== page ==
Book Review: Susan Buck-Morss's Hegel, Haiti, and Universal History
University of Pittsburgh Press, 2009.
Platypus Review 13 | July 2009
SUSAN BUCK-MORSS'S RECENT OFFERING, Hegel, Haiti, and Universal History, takes critical aim at two targets: what she identifies as Eurocentric models of universal history, on the one hand, and, on the other, the rejection of any notion of universality whatsoever in favor of the postmodernist "plurality of alternative models" (ix). What she proposes instead is "a universal history worthy of the name" (x), by which she means one that does not give the European Enlightenment and its direct heirs a monopoly on the historical project of freedom. It is refreshing to see the false choice of Eurocentrism vs. postmodernist pluralism identified as such, but if Buck-Morss opposes such a false choice, she fails to register and critique it as a contemporary historical symptom itself. She thus ends up with a theory that is universal in name, but which remains essentially postmodernist in content.
The short book reprints her essay "Hegel and Haiti," originally published in 2000 in Critical Inquiry, together with a new essay, "Universal History," in which Buck-Morss responds to the original essay's critics, particularly those for whom "the very suggestion of resurrecting the project of universal history from the ashes of modern metaphysics appeared tantamount to collusion with Western imperialism"(ix). The book also contains substantial prefaces to both essays.
In "Hegel and Haiti," Buck-Morss's central historical claim is that Hegel's discussion of freedom, generally, and his formulation of the "master-slave dialectic," specifically, were directly informed by his awareness of the Haitian Revolution. This argument, Buck-Morss asserts, has scarcely been made, much less thoroughly investigated, by mainstream Hegel scholarship. "One wonders why the topic Hegel and Haiti has for so long been ignored. Not only have Hegel scholars failed to answer this question; they have failed, for the past two hundred years, even to ask it" (56). Buck-Morss supports her claim that Hegel was aware of the Haitian Revolution by pointing out that the revolution was going on at the same time as Hegel was formulating his philosophy of history, and that he was reading periodicals such as Minerva and The Morning Post at the time, both of which closely covered the events in Haiti. The conclusion to be drawn, she argues, is that Hegel, who at the time was engaged in thinking through the historical project of freedom, was influenced, if not compelled, by his reading of journalistic accounts of a contemporary, actual slave rebellion that Buck-Morss regards as a concrete unfolding of this dialectic.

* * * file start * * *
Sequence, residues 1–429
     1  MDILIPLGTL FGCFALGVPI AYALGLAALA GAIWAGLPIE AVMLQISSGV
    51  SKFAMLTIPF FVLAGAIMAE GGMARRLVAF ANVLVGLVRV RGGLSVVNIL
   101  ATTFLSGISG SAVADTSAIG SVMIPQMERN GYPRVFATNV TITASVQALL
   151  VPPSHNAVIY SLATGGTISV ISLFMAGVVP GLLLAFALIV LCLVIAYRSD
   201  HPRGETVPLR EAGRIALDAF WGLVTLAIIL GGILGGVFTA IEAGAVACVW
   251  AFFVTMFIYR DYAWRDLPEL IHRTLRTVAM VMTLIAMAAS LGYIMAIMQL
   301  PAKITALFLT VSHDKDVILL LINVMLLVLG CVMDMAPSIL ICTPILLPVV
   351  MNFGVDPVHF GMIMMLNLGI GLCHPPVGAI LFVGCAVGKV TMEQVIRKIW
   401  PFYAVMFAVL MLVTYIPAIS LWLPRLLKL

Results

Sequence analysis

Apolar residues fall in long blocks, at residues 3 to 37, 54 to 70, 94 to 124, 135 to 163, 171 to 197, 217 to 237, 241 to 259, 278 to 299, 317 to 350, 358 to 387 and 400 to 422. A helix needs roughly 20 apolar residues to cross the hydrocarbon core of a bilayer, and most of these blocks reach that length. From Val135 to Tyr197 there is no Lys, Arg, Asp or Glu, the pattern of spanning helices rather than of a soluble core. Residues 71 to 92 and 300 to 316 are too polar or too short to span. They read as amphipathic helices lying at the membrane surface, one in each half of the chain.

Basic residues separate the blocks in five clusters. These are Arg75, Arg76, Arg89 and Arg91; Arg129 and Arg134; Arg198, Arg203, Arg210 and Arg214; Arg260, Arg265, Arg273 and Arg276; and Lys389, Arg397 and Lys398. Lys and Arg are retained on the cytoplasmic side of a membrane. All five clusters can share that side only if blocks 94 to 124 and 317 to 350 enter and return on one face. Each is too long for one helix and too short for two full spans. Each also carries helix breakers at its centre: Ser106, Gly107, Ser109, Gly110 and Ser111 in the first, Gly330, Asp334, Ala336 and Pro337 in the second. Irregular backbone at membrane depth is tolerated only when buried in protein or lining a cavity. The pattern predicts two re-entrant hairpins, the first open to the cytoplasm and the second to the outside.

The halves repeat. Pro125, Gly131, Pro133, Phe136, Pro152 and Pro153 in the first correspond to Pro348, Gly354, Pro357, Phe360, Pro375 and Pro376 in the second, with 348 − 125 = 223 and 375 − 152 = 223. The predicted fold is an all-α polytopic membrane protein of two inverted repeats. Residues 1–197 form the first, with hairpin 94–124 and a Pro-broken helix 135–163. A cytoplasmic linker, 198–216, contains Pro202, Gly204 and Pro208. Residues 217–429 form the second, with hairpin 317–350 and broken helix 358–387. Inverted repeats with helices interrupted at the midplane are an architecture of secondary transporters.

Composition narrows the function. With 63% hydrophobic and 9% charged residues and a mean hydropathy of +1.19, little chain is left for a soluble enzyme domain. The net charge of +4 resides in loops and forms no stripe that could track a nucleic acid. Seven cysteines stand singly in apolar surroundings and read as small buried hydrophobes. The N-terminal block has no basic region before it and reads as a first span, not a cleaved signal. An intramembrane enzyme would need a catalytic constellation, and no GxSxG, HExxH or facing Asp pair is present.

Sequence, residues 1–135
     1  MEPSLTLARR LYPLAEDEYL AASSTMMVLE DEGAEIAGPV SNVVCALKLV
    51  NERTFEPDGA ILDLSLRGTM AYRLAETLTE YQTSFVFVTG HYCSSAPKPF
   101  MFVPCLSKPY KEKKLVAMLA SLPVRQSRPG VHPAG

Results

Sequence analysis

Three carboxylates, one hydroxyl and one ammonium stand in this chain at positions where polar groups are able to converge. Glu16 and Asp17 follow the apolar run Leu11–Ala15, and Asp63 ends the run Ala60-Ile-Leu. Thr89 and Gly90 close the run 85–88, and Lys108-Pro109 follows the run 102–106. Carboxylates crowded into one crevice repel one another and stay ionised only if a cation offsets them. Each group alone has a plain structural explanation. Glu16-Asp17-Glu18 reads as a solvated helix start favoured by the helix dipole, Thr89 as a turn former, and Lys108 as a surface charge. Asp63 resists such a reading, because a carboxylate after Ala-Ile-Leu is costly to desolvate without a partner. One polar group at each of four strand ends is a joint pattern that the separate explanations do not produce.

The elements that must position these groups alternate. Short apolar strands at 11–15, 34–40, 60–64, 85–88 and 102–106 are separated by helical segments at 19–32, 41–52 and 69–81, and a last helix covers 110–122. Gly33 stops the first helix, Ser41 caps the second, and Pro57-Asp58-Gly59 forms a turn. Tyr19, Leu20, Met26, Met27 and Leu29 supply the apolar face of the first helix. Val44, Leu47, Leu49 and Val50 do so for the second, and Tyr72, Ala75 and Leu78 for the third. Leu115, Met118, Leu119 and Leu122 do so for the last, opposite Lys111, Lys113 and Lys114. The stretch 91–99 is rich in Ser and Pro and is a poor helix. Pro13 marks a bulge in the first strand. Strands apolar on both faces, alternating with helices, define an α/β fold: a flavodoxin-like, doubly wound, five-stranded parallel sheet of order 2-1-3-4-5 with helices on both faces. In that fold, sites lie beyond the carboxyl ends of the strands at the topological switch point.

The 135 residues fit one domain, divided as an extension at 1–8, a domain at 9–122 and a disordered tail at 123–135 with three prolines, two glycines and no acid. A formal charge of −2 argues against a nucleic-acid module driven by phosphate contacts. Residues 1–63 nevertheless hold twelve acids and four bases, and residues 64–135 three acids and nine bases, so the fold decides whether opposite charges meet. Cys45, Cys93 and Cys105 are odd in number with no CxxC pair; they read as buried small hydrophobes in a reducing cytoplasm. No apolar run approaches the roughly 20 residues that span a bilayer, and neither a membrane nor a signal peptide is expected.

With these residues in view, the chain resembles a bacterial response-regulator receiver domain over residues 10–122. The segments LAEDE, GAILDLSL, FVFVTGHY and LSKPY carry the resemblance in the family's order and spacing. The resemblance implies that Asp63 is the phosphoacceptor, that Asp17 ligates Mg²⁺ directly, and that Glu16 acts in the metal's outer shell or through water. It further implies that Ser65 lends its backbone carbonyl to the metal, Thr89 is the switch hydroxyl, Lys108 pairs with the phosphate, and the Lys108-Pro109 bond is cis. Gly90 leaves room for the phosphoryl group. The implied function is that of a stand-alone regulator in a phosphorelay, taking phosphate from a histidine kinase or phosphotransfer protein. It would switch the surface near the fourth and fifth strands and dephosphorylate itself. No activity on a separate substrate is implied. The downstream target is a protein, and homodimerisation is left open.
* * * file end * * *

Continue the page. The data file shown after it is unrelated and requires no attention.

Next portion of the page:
Hegel and his students
But if the Haitian Revolution inspired Hegel, his philosophy of freedom remains bound, for Buck-Morss, to a Eurocentric and racist worldview. In this way Hegel is representative of what Buck-Morss sees as the hypocrisy of modern Europe in general, wherein the pursuit of freedom was carried out in theory but only partially and selectively in deed. Modern Europe, in other words, developed a theory of freedom that was simultaneously negated in practice.
The Haitian Revolution, on the other hand, represents for Buck-Morss a break with this hypocrisy, and the first genuinely modern political struggle for freedom, by which she means that it first posed the problem of freedom in a truly universal, albeit not entirely unproblematic, manner. "The Haitian experience," she asserts, "was not a modern phenomenon too, but first" (138). She also attributes to the Haitian Revolution a degree of singularity: "The radical anti-slavery articulated in Saint-Domingue was politically unprecedented" (138). Most importantly for her argument, the Haitian Revolution constitutes an example of a "historical rupture," an event discontinuous with the trajectory of history (133).